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Infliximab Biosimilar Found to Be Safe, Effective


Infliximab (IFX) biosimilar SB2 was shown to be safe and effective in IFX-naïve patients and those who switched from a prior IFX reference or biosimilar.

Routine infliximab (IFX) biosimilar SB2 therapy was observed to be safe and effective in IFX-naïve patients and in patients changed from a prior IFX reference or biosimilar, according to a study published in Rheumatology Advances in Practice.

The PERFUSE study was conducted to evaluate the 12-month persistence, effectiveness, and safety effects of routine SB2 treatment in patients who have chronic inflammatory rheumatic disease.

“The marketing authorization of SB2 was based on demonstration of comparable physicochemical and biological characteristics, pharmacokinetic similarity in healthy patients, and comparable efficacy and safety in patients with RA [rheumatoid arthritis] compared with IFX ref,” said the researchers.

The PERFUSE trial was a noninterventional study of 1233 adult patients (rheumatology, n = 496; irritable bowel disease, n = 737) receiving periodic IFX biosimilar SB2 therapy.

First, patients with a diagnosis of RA, psoriatic arthritis, or axial spondyloarthritis (axSpA) were accredited to 1 of 3 study cohorts according to whether SB2 treatment started after September 2017 had been the first IFX treatment (IFX naïve) or followed a shift from reference IFX (IFX ref) or another IFX biosimilar (IFX bs). Effects to month 12 (mean [SD] value 2) was composed of persistence (primary outcome), SB2 dose, disease status, immunogenicity, and safety.

During month 12, persistence on SB2 in the IFX-naïve, IFX ref, and IFX bs cohorts, respectively, consisted of the following 59% (95% CI, 36.1%-76.2%), 75% (95% CI, 57.5%-86.1%), and 85% (95% CI, 69.6%-93.0%) for RA (n = 98); 64% (95% CI, 34.3%-83.3%), 87% (95% CI, 65.6%-95.7%), and 83% (95% CI, 60.0%-93.1%) for PsA (n = 62); and 56% (95% CI, 44.4%-66.5%), 80% (95% CI, 70.8%-86.1%), and 80% (95% CI, 72.5%-85.6%) for axSpA (n = 336).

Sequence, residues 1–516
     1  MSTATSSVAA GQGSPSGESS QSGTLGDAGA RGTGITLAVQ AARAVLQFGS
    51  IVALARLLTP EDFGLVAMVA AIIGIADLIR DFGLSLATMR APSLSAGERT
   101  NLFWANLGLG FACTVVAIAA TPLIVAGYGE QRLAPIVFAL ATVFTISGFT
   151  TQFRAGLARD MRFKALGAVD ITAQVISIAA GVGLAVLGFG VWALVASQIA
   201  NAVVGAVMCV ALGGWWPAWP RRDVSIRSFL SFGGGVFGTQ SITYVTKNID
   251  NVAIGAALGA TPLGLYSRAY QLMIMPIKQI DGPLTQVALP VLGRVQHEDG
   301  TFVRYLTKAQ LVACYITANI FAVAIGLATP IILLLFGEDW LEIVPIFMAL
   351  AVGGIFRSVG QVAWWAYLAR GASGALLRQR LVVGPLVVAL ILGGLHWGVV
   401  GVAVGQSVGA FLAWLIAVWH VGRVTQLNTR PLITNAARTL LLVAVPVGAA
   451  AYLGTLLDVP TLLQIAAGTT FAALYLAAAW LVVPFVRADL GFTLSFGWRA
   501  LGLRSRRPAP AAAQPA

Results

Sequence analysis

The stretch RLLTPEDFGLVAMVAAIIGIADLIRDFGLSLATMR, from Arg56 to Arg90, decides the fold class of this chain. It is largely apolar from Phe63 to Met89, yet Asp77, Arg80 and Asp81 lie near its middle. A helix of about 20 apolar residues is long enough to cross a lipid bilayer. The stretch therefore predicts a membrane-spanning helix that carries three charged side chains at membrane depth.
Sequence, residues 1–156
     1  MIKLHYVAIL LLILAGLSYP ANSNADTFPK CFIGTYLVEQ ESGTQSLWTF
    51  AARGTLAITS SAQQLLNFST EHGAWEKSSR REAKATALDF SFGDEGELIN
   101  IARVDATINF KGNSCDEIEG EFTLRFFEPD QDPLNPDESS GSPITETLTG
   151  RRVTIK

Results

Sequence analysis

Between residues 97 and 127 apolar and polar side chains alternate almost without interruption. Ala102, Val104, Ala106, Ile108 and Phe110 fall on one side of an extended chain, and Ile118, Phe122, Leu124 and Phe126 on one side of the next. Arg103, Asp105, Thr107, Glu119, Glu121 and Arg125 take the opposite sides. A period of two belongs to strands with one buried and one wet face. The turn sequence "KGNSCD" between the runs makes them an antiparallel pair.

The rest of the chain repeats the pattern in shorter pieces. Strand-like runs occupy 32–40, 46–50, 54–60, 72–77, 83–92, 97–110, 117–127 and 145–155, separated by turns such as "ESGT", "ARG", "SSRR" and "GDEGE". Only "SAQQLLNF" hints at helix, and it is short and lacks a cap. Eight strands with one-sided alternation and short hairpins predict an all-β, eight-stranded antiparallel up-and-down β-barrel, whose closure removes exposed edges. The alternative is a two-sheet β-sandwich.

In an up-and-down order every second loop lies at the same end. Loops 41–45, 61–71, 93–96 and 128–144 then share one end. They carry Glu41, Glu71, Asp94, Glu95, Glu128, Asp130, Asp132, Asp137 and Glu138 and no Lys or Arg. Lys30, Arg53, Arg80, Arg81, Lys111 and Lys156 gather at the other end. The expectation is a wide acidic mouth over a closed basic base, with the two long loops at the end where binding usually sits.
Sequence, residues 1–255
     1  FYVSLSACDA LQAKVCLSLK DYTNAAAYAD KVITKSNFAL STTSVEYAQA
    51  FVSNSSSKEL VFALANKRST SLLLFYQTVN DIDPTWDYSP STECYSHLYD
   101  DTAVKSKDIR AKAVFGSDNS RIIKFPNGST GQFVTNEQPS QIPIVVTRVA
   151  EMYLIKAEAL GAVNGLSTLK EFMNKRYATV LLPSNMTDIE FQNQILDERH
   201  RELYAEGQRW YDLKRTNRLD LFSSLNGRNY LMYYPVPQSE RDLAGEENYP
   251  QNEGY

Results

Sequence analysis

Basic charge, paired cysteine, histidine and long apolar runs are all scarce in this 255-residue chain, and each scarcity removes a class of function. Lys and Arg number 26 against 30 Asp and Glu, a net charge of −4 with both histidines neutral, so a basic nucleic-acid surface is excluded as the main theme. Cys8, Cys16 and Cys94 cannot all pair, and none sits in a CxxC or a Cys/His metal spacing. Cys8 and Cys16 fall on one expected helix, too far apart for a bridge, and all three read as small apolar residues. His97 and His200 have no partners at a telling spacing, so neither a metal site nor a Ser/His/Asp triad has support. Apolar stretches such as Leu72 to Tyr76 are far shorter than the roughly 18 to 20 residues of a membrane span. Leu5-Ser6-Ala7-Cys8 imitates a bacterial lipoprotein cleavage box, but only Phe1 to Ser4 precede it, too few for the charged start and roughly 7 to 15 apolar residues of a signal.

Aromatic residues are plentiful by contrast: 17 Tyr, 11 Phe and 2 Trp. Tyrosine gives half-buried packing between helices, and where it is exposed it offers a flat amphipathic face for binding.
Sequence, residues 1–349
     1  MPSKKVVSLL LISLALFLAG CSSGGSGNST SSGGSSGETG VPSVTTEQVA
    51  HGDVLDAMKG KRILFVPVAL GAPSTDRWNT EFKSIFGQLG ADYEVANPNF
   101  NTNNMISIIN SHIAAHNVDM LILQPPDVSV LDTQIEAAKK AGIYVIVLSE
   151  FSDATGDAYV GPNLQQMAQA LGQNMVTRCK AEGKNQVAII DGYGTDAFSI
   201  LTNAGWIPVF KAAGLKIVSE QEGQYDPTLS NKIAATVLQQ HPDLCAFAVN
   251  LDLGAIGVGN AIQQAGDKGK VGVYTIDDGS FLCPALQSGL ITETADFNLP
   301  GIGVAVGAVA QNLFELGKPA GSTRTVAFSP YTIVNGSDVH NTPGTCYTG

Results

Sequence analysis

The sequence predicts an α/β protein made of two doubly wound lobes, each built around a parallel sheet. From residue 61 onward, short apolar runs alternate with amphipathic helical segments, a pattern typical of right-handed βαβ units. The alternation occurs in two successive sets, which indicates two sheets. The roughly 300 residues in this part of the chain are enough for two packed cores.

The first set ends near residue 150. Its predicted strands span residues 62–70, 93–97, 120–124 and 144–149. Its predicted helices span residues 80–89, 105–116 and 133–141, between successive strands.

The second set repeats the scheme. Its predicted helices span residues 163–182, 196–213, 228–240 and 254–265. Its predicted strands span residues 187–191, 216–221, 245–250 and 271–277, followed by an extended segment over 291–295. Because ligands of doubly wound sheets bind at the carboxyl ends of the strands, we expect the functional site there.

Disease activity was commensurate at baseline and month 12 in both the IFX ref and bs subgroups of all cohorts by indication. No concerns of immunogenicity and new safety signals were detected. In addition, during the 12-month time period, the last month from the PERFUSE study rheumatology cohorts showed no clinically meaningful differences in clinical effectiveness during a 12-month period in patients switched from IFX ref or IFX bs to SB2.

“More than 75% of patients who transitioned from prior IFX and continued on SB2 treatment to month 12 post SB2 initiation showed no meaningful difference in clinical measures, regardless of whether they received prior IFX ref or IFX bs. More than 56% of IFX-naïve patients continued on SB2 treatment at month 12 with no changes in dosing regimen,” said the researchers.

In the PERFUSE study, the persistence rate was seen to be aligned with the reported persistence rate for biosimilar CT-P13, as well as the discontinuation rate communicated for patients started on IFX ref, indicating that although a nocebo effect can’t be ruled out, this did not have a meaningful impact in the studied population.

Following this, the researchers said, “In PERFUSE, the most frequent reason for discontinuation was physician decision following loss of response.”

Since concerns remain for some prescribers about switching to biosimilars, the researchers determined that it’s important to review immunogenicity data in the real-world setting. Even though routine immunogenicity testing was sporadic in the study population, the results did not show an increased risk of immunogenicity to IFX after SB2 initiation.

The authors described no increased risk of immunogenicity as a result of 1 switch or successive switches to IFX bs, which confirm PERFUSE timing so far.

Some limitations of this study include the small sample size and that no patient control groups were present of patients staying on reference or other IFX bs because all eligible patients had been moved to SB2.

“Long-term studies and real-world studies using SB2 for the treatment of patients with chronic inflammatory rheumatic diseases will increase our understanding of the clinical utility of biosimilars and their potential to pave the way for increased access to treatment,” concluded the researchers.


Fautrel B, Bouhnik Y, Dieude P, et al. Real-world evidence of the use of the infliximab biosimilar SB2: data from the PERFUSE study. Rheumatol Adv Pract. Published online April 17, 2023. doi:10.1093/rap/rkad031

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